The G Fund gives TSP investors the investment returns of a long-term government bond with no risk of loss of principal.

In other words, the G Fund has the liquidity of a money-market fund with the rate of return of long-term government securities.

Therefore, the G Fund is a rare exception to the risk/reward tradeoff typically found in investments. You get more reward than a savings account with no additional risk.

However, it is important to note that the G Fund is not guaranteed to beat inflation. In the remainder of this article, I’ll compare the F Fund vs. G Fund vs. inflation to look at inflation adjusted returns over time.

F Fund vs. G Fund: The historical data from the TSP Website

Let’s say you want to hold bonds in your TSP.

That’s great!

However, you have to make a decision between the F Fund and the G Fund. Which one should you choose? Well, the first thing you might do is go to the TSP website to see if you can find out about the past performance of these funds.

If you spend enough time on their website, you can find the raw data that I used to make this graph.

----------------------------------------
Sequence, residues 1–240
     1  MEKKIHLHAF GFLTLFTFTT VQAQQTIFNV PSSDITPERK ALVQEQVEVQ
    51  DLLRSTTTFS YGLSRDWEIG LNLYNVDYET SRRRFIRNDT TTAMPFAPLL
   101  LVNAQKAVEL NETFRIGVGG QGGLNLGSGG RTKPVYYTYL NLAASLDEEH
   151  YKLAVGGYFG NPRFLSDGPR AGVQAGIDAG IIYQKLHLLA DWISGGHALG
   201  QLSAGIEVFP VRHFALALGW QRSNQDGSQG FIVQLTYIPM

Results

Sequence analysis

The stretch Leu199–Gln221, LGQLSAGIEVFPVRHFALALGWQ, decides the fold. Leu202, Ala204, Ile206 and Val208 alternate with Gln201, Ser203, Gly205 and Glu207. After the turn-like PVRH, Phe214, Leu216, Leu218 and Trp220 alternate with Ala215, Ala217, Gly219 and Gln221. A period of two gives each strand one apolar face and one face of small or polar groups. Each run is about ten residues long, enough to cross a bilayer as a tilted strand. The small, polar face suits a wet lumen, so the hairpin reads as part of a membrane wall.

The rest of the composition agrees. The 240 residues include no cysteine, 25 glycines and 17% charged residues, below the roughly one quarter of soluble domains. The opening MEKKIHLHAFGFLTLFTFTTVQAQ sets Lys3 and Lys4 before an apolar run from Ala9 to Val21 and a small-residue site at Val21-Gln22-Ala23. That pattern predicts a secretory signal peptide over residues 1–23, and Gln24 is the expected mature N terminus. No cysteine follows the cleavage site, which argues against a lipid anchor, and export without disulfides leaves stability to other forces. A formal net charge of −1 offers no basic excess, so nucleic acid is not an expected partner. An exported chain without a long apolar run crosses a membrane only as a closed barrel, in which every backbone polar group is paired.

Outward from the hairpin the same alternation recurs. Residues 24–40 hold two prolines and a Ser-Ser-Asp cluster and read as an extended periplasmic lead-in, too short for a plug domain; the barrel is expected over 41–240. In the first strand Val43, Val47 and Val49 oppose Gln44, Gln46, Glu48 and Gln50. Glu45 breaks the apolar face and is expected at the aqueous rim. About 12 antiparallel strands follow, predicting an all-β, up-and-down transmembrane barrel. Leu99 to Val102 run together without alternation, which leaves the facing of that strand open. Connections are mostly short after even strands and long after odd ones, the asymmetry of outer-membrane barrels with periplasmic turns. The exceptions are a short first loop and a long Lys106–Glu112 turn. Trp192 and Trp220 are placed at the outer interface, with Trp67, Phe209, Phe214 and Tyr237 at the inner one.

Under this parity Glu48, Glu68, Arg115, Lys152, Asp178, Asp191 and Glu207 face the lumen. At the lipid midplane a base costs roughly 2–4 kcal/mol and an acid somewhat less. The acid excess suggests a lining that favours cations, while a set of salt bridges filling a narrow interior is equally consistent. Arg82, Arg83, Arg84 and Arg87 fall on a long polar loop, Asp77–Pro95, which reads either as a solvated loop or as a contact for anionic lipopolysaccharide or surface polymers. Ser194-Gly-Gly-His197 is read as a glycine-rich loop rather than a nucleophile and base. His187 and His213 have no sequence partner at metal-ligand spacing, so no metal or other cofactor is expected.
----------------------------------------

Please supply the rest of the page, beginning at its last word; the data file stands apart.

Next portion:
Annualized returns of the F Fund and the G Fund plotted as a function of time- results not adjusted for inflation.
Annual returns of the G Fund and the F Fund going back to the start of the TSP (1988).

This graph gives you some information about the different funds. You can see that the G Fund never loses money. The F Fund bounces around a lot. It’s lost money in 5 years since it was created 34 years ago. Most of these years it was a very small loss.

However, the F Fund lost 15% this year alone!! (Not great if you’re counting on your F Fund to provide stability to your portfolio.)

While there’s nothing wrong with this data on the TSP website, it’s not the entire picture either. To understand that, you need to see if these investments are providing you real returns after inflation.

What about inflation?

Once you account for inflation, you can see that there have been years where the G Fund has provided a negative return.

Yearly inflation adjusted annualized returns of the F Fund and the G Fund plotted as a function of time.
Annual returns of the G Fund and the F Fund going back to the start of the TSP (1988) adjusted for inflation.

Overall, there have been 6 years where the G Fund has had a negative 1-year inflation adjusted return. The F Fund only has 7 years with a negative 1-year inflation adjusted return. In fact, if you were only to look at these numbers, you might think that you were equally likely to lose money against inflation in either of these funds.